- Marketing and PR
- Advertising agencies
- Public Relations
PR practice is not well understood in many countries and for many business people the area is not seen as one that needs much expertise. Limitations in the variety of media and technologically advanced ways of disseminating new information may make it difficult for messages to get across. Plural dialects are also a barrier to the passage of new information. Other problems include economic, infrastructural and cultural limitations.
Companies which specialise in non advertising forms of marketing include those that provide general consultancy, market research, branding consultancy and direct marketing. There are very few of these in developing countries. Factors influencing the differences between developed and developing countries across the Commonwealth include culture, the size of a market, technology, difficulty of obtaining marketing data and cultural influences in the private sector.
- fact that there may be no need for a full-time in-house advertising department at many SMEs, since many SMEs do not need new fresh campaigns all year round
- lack of capacity for in-house advertising team in terms of experience, strategic thinking and research
- and their inability to consistently generate fresh ideas and new creative campaigns.
Overview: Advertising, marketing and PR in the Commonwealth
The Commonwealth is virtually a market economy where advertising, marketing and public relations (PR) practices exist in all its member countries.
Advertising, marketing and PR practices are strongly interlinked and can be confused to mean one thing. Marketing is mostly concerned with promoting and selling products and services as well as changing and responding to consumer attitudes. Advertising, essentially a subset of marketing, mainly involves the public promotion of some product or service in a ‘one-way’ manner that is business-to-consumer. PR is very similar to marketing and may have similar effects; it involves mainly the management and promotion of an organisation’s or individual’s reputation and image.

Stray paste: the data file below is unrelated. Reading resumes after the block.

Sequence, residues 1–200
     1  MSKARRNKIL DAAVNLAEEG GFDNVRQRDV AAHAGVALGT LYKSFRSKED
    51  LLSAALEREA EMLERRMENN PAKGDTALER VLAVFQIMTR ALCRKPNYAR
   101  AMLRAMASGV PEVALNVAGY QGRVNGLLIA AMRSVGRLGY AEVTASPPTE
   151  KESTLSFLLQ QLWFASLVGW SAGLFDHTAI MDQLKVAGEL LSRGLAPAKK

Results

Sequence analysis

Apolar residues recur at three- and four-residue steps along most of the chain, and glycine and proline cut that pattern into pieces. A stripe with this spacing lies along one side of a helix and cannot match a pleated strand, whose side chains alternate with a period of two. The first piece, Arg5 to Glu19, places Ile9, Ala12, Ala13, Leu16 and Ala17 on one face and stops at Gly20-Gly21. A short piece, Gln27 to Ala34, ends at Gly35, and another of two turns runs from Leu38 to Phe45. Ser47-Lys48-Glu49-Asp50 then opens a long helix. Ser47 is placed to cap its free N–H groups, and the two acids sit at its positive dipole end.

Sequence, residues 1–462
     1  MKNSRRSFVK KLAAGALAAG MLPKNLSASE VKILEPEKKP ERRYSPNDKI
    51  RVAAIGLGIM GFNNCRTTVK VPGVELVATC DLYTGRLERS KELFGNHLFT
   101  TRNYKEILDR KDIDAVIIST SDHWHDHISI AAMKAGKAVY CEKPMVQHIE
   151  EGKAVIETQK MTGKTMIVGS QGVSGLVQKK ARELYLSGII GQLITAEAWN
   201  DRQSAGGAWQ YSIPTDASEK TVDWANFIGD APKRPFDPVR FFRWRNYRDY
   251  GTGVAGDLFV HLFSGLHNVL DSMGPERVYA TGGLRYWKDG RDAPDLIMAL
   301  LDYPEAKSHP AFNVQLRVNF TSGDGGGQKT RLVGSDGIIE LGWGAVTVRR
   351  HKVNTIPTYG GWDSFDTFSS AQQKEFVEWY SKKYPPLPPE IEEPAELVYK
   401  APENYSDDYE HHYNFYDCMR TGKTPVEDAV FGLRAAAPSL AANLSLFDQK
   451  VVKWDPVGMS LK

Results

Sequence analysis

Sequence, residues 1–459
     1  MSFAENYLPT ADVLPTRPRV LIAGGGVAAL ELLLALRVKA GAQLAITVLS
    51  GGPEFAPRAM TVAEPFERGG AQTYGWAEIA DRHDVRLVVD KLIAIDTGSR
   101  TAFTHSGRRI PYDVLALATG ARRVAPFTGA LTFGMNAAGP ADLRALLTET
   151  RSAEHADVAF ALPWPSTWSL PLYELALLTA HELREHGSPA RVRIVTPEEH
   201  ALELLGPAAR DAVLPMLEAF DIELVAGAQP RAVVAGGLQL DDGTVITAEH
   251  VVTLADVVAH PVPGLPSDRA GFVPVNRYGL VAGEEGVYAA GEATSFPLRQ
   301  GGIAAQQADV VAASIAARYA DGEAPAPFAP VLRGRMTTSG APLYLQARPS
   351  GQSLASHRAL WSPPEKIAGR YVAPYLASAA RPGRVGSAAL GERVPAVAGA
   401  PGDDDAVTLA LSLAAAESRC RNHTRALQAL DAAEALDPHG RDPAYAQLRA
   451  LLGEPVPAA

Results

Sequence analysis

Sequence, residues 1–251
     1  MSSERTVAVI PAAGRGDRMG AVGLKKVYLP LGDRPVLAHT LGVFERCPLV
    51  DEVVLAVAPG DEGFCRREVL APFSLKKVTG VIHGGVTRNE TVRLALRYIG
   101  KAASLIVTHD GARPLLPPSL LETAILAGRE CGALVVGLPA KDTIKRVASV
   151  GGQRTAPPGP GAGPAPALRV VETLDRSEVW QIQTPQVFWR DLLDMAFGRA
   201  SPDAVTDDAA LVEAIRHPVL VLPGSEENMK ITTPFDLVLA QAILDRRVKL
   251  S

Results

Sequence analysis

Some experts say that the extent to which companies use sophisticated advertising, marketing and PR tools and techniques is mostly a function of the relative size of the economy. In the Commonwealth companies in the United Kingdom and Canada are seen as the most advanced in their marketing methods, and at the other end of the scale, many companies in developing member states are viewed as middle-of-the-road or rudimentary in their approach*.
* The Global Competitiveness Report 2011-2012 data
Marketing and PR consultancies in the Commonwealth
In terms of outsourcing and the existence of standalone specialist companies there is a difference between developed and developing countries. In both developed and developing countries marketing (excluding advertising) and PR are mainly in-house functions of a firm. However, in developed countries regardless of whether or not there is an in-house marketing or a PR department, there also tends to be external consultancies that specialise in marketing and PR, which other firms can approach for advice. Reasons for this difference between developed and developing countries are ostensibly economic but looking more closely at the two:
Advertising agencies in the Commonwealth
Free-standing advertising consultancies or agencies can be found in reasonable numbers in both developed and developing countries. Advertising will in many cases be the most independent specialism of the three (advertising, marketing and PR) perhaps due to the disadvantages of setting up an in-house advertising team which include the
Advertising companies in the Commonwealth will often be of service to big banks, large food and beverage manufacturing companies, telecom companies, pharmaceuticals, vehicle manufacturers and retailers, big supermarkets, household goods manufacturers, multinationals in general and many other companies with the sufficient cash and the necessary sophistication to appreciate the value of the practice.
Advertising firms are increasingly globalised in terms of ownership and knowledge exchange. Advertising agencies which remain in local ownership will often face stiff competition and, at times, dominance from local subsidiaries of multinationals such as WPP (whose subsidiaries include JWT, Ogilvy & Mather, Young & Rubicam or Y&R, Grey), Publicis (Publicis, Saatchi & Saatchi, Leo Burnett), and Omnicom (BBDO Worldwide, DDB Worldwide, TBWA) in securing the most lucrative deals. Consolidation through acquisitions has been a common feature in this industry in the Commonwealth and the rest of the world where acquired companies continue to exist individually in terms of service delivery and client relationships whilst their holding companies, such as WPP, act as the single face in the capital markets.
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